At Cemetery Junction
When Vittorio De Sica was looking for funding to make the film that became Bicycle Thieves, the story goes, David O. Selznick offered to put up the money on condition that the lead would be played by Cary Grant. Film historians tend to take this as an instance of Hollywood crassness, though maybe it should be classed as one of cinema’s lost opportunities.
Skid Kids, a 1953 Children’s Film Foundation production, looks very like what would have happened if De Sica had taken the Ealing Studios shilling. Both films involve an Italian working man, Antonio, whose bicycle is stolen. In Bicycle Thieves the part is played by Lamberto Maggiorani, a factory worker rather than an actor, who had the face of an ascetic saint. He is a decent, serious man struggling to feed his family and maintain his dignity, a struggle made harder by employers and authorities who lack all compassion; without his bicycle Antonio cannot work, and is driven towards despair.
In Skid Kids (directed by Don Chaffey, known to posterity for Jason and the Argonauts and One Million Years BC), a roly-poly actor called Kurt Wagener plays Antonio as a comically temperamental immigrant who carves kitsch statues at the local novelty factory. On discovering his loss he wails that he will no longer be able to work, but no consequences are shown on screen other than a poor performance in a darts match at the pub, and Antonio soon regains his composure, or what passes for it in a flighty foreigner. Anyway, his story is a sideshow: the protagonists are Swanky Clarke and his chums in the Burton Bullets cycle speedway team, a gang of kids who pedal about the streets of Bermondsey trying to thwart a wave of bicycle thefts, in the spirit of Emil and the Detectives or Hue and Cry. Naturally the Bullets round up the spivs responsible – with the enthusiastic co-operation of the kindly local coppers – and go on to win the local speedway championship, after which the owner of the novelty factory rewards them with a slap-up tea.
Skid Kids is the highlight of On Yer Bike: A History of Cycling on Film (BFI). The two DVDs contain getting on for 30 short films (at 47 minutes, Skid Kids is more than twice as long as any of the others), including newsreel, documentaries, safety films, commercials for bike manufacturers and shops (one located ‘at Cemetery Junction’), propaganda for the joy of railways, and part of an Open University ‘materials and mechanics’ course that uses Sir Alex Moulton’s F-frame bicycle as a case study. The earliest item is ‘Lady Cyclists’, a minute of footage shot in 1899 at an unidentified location; it shows a long procession through parkland of women riding safety bicycles (fixed gear, single rod-controlled brake – in present-day Hackney the machines, if not the bonnets and skirts, would be very much on trend); though it looks to be a festive occasion, it is hard to resist the elegiac mode of the music the BFI has supplied: never such innocence etc. The last film is a short advert from 1983 in which two boys of around 12 try to turn right while riding in traffic: one sensibly pulls into the kerb and waits for a gap, but his more impulsive friend...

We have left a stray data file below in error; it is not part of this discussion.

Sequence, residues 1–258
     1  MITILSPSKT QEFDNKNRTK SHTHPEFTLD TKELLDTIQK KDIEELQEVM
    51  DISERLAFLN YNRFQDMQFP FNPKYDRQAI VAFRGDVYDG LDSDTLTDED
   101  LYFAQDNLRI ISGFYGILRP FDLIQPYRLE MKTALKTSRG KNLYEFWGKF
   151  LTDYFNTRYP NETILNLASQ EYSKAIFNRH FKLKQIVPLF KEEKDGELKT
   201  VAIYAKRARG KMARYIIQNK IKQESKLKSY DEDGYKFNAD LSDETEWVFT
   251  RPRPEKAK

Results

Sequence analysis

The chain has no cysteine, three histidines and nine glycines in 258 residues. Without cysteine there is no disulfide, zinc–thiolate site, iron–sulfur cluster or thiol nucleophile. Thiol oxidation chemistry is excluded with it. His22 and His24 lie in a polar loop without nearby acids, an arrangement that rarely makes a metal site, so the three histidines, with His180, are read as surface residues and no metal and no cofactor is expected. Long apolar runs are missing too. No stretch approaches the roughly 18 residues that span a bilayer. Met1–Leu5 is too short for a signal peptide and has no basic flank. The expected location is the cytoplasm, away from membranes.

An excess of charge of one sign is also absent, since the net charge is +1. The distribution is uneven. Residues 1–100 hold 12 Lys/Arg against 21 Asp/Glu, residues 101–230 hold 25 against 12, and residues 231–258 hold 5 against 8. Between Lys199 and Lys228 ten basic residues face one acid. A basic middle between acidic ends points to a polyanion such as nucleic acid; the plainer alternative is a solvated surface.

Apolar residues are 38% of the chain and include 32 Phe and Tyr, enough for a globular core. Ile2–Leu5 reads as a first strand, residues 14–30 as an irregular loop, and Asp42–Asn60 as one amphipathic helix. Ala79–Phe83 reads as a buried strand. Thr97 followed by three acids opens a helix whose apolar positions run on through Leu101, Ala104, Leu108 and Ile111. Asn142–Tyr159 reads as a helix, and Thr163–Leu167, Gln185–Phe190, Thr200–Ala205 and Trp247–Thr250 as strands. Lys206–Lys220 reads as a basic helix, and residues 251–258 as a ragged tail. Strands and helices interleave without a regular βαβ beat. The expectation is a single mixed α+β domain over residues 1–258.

The line between those two films maps nicely onto the trajectory of cycling in Britain in the 20th century. From the arrival of the safety bicycle in the 1880s until after the First World War, riding bikes was a mass activity, a source of pleasure and freedom for millions. The most baffling item on the DVDs is three minutes of Manchester and Salford’s Harriers Procession of 1901. The bicycles are one element in a huge carnival, alongside a variety of local military or paramilitary organisations, some of the clowniest-looking clowns I have ever seen, and a fair amount of blacking-up. As the century progressed, cycling was increasingly confined to narrower realms, fit for sportsmen, children and people in woolly hats; Skid Kids, in which the utility of the bike to the working man comes second to the thrill of the Burton Bullets, sits two-thirds of the way along the timeline. The emphasis of the films shifts accordingly, urging the viewer to give cycle touring a go (‘Cycling without a map is like new potatoes without the smell of mint’) or try riding to work, while making sure to point out in severe tones that it is the deadliest form of transport there is. Two of the films end with a reckless cyclist turning see-through and sprouting angel wings: all bike shops, it seems, are located at Cemetery Junction. In recent years, cycling has recovered a small part of its popularity, but Skid Kids could not be made now: the idea of children cycling unsupervised in inner London isn’t much less outrageous than parading in blackface. As a filmgoer, I can’t honestly regard that as a terrible loss; as a Londoner, a parent, a cyclist, I see it as a dismal verdict on where we’ve got to.